We are told, as the kitchen sink of argumentation is thrown, that the pandemic itself proves the false economy of a “hollowed out” state after a decade of austerity. Or that the “levelling up” and the “inevitable” higher spending we will now want on health, welfare benefits, and higher public sector pay means tax hikes are needed. Or that the crisis necessitates urgent repair to the public finances, and that there’s simply nowhere left to cut spending.

None of these arguments, however, stand the test of reason. Countries that have dealt with the Coronavirus better include those (South Korea, Taiwan, Australia) with much lower tax-to-GDP ratios than the UK and much lower health spending too. Many with higher tax-to-GDP ratios (France, Belgium, Italy) have seen similarly shocking death tolls to us.

At best, any failure to deliver resources where needed reflects bad state priorities, not an impoverished public realm. Indeed, the story of a hollowed-out state at a time of the highest tax burden since the early 1980s, coupled with this international evidence, suggests ascribing blame to austerity for poor performance is both ahistorical and parochial.

The wisdom or otherwise of  the “levelling up” agenda, and how best to pay for it, is largely unrelated to the pandemic too. Actually, to the extent that Covid-19 affects the desirability of infrastructure and public service spending in the regions, it throws substantial doubt on the benefits of projects such as HS2 and other city and town revival plans.

Who knows what lasting impact the crisis will have on remote working, the location of activity, and favoured transport modes? One Nationers arguing that the virus proves the need to level up would have us believe that the pandemic’s effects are significant enough for a tax revolution, but insignificant enough to alter the desirability of any of their proposed spending. One might almost suggest motivated reasoning here.

In macroeconomic terms, the case for significant tax rises now is weaker still. The point of bridging support through furlough was to shelter businesses and workers from this unexpected shock. To pass the bill to the private sector now as it struggles back to life would strangle the recovery. And for what? Borrowing costs are low, and we have no idea yet whether and how much this crisis will leave a permanent budget hole once emergency spending stops and private sector activity revives. In fact, even borrowing to date has not been as high as initially feared.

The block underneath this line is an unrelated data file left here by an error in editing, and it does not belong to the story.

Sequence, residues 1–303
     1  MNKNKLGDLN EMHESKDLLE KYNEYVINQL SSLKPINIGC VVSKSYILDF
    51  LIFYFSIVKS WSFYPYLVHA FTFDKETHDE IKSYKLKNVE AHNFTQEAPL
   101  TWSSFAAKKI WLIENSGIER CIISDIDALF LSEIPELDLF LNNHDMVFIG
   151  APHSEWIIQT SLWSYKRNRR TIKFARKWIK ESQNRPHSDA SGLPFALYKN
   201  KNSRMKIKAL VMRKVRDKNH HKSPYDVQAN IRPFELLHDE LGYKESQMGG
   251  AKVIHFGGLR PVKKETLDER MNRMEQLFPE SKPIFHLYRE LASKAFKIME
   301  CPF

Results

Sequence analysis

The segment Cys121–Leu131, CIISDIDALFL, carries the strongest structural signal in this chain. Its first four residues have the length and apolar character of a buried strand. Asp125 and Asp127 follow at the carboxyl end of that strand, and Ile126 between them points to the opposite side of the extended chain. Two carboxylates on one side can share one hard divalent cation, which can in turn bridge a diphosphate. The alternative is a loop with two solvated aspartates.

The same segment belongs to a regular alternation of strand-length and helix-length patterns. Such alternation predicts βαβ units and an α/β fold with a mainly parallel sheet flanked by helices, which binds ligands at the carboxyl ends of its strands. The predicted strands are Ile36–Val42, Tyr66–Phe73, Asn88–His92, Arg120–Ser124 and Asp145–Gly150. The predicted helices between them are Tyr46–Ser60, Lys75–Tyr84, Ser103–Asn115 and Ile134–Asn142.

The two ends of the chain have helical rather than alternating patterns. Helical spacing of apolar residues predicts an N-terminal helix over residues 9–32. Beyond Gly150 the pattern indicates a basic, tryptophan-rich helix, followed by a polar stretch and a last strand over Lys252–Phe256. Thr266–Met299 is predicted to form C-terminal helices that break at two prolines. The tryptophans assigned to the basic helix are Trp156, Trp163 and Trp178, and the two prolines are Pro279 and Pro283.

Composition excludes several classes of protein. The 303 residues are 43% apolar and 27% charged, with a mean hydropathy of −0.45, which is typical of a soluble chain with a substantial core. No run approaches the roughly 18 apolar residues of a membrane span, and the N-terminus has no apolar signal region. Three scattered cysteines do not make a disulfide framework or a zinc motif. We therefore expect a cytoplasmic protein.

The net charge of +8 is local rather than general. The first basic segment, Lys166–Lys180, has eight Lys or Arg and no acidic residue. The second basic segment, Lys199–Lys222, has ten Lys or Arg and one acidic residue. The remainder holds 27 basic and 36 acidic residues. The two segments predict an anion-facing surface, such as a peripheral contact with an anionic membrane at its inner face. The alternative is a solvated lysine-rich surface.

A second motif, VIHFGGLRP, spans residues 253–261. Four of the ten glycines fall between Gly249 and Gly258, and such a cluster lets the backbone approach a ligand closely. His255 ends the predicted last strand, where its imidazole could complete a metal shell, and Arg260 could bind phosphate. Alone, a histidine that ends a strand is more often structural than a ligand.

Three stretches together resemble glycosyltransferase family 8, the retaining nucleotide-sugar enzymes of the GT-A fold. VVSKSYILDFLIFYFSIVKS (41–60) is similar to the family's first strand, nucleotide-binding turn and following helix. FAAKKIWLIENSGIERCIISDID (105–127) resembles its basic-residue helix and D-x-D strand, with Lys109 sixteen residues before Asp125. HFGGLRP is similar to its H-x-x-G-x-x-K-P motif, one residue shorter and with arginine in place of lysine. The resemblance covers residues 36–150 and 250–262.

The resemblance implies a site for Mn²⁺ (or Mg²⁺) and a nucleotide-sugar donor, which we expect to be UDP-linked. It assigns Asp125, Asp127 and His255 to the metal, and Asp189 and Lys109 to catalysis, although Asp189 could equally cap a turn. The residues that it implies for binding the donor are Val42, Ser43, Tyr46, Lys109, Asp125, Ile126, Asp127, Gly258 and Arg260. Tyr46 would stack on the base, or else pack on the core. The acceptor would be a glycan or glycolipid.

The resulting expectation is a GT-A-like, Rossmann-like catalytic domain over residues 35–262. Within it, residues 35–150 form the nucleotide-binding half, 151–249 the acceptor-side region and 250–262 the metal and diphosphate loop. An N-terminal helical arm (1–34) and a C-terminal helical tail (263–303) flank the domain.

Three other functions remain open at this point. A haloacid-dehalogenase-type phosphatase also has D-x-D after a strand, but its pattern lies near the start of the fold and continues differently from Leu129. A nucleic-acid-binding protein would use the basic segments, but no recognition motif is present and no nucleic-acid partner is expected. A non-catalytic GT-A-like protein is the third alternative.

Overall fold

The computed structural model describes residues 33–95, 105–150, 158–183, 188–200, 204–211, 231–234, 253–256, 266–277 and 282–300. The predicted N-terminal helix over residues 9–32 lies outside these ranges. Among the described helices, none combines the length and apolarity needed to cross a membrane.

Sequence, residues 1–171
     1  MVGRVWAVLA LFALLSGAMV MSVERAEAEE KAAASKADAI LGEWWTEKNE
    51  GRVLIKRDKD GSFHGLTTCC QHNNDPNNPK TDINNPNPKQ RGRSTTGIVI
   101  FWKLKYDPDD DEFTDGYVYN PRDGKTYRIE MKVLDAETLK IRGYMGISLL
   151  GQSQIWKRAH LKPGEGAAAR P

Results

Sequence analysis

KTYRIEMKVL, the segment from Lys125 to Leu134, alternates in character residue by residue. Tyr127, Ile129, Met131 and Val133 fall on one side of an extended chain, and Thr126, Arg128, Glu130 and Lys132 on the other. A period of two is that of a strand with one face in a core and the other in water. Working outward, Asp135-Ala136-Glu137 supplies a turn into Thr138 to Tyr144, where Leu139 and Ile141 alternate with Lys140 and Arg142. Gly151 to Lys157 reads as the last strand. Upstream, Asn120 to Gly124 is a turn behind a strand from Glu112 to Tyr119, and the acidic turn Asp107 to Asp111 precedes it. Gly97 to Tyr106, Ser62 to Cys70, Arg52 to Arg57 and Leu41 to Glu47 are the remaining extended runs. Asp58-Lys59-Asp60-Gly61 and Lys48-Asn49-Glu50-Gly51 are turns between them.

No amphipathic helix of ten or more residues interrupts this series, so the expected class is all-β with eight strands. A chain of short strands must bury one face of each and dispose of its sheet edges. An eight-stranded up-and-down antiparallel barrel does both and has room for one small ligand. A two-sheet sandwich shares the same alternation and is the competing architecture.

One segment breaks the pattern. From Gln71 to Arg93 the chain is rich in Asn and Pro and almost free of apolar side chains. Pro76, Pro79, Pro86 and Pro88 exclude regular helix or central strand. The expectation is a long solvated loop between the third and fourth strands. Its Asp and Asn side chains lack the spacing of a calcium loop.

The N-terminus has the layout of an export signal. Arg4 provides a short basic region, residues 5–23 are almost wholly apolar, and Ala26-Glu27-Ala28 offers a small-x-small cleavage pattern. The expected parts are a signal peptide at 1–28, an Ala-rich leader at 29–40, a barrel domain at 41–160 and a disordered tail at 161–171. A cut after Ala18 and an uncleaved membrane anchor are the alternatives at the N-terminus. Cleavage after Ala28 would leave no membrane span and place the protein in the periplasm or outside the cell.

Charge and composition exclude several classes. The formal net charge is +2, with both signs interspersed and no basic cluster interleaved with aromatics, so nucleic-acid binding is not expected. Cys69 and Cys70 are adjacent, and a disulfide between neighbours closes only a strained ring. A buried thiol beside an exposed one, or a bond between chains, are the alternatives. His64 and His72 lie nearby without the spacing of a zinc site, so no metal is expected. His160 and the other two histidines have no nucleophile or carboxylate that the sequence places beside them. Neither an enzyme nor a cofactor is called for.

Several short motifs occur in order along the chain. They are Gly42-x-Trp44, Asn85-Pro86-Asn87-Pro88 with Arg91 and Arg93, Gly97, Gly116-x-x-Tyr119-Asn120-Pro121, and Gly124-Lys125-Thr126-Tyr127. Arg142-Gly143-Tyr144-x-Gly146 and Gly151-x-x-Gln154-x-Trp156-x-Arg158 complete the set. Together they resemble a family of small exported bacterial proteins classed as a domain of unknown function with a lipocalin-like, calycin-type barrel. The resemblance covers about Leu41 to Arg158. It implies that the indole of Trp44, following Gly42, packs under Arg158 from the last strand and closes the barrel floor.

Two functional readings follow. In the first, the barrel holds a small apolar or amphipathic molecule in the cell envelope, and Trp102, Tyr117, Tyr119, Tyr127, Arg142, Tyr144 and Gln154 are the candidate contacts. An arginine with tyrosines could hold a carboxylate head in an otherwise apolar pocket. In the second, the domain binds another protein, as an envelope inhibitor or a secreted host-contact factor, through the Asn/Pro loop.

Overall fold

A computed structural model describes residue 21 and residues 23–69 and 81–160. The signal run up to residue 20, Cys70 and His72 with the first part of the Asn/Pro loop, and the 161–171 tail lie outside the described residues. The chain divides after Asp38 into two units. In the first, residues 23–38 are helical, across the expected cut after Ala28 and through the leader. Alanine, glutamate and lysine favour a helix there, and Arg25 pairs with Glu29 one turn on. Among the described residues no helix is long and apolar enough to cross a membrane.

Of course, the extra debt to deal with the crisis has to be paid somehow, eventually. But, as I argued here before, unusual shocks such as pandemics and wars primarily result in step-level debt-to-GDP increases rather than ongoing budget holes, because you stop spending on the immediate threat afterwards.

The implication is that modest consolidation over decades is optimal to account for the extra incurred debt, rather than adopting large tax increases to compensate over a Parliament. Economists call it “tax smoothing”—debt provides a safety valve to allow us to only modestly change spending or taxation over long periods to maintain incentives. Of course, if the Government thinks that, for political reasons, it must expand welfare benefits or health spending permanently, this would be a normative choice: there is nothing inevitable about sharp tax hikes.

Even if you think permanent scarring will occur, those taxes suggested to raise revenue seem bizarre choices today. The Government presumably wants us to be Covid-cautious still. Two ways of reducing risks would be to drive more rather than use public transport and to shop more online.

Aside from all the other downsides of raising fuel duty and introducing an online sales tax, to use the tax system to incentivise worsening virus transmission right now by making driving and online shopping more expensive seems bizarre.

Raising top capital gains tax rates to 40 or 45 per cent would simply be self-defeating from a revenue-raising perspective. Capital Gains Tax on many investments represents a double tax. The justification for having it at all is to deter people hiding income as capital gains.

But there’s a revenue-maximizing balance between this effect and deterring people from selling assets. The Coalition government introduced a top 28 per cent CGT rate precisely because HMRC research suggested this raised most revenue. Though it was then lowered to 20 per cent under George Osborne, raising it to 40 per cent plus would reduce revenue relative to a lower rate. We’d get less investment and entrepreneurship when we need it most too.

And then there’s the mooted corporation tax rise from 19 back to 24 per cent. Taxes on mobile capital will deter foreign investment just as Brexit is set to happen, as well as reducing the after-tax return on new domestic projects. Who will bear the costs? Not just “the wealthy,” as commonly asserted, but workers too: evidence suggests that they bear between 30 and 70 percent of the burden of taxes on corporations.

Not only is the tax rise call premature then, but the specific proposals don’t conform to the pandemic’s needs or Boris’s Johnson’s ambitions to create a high-wage economy. Covid-19 may permanently scar the public finances, sure. But as yet its full effects are unknown and there’s little cost to pausing to see. Anything else at this stage is using the crisis as a pretext for raising funds for hobby horses.

If the Prime Minister truly objects to this rationale as reported and understands the threat to the nascent recovery of sharp tax rises today, he should take this message to his Chancellor: on tax rises, not now and not these.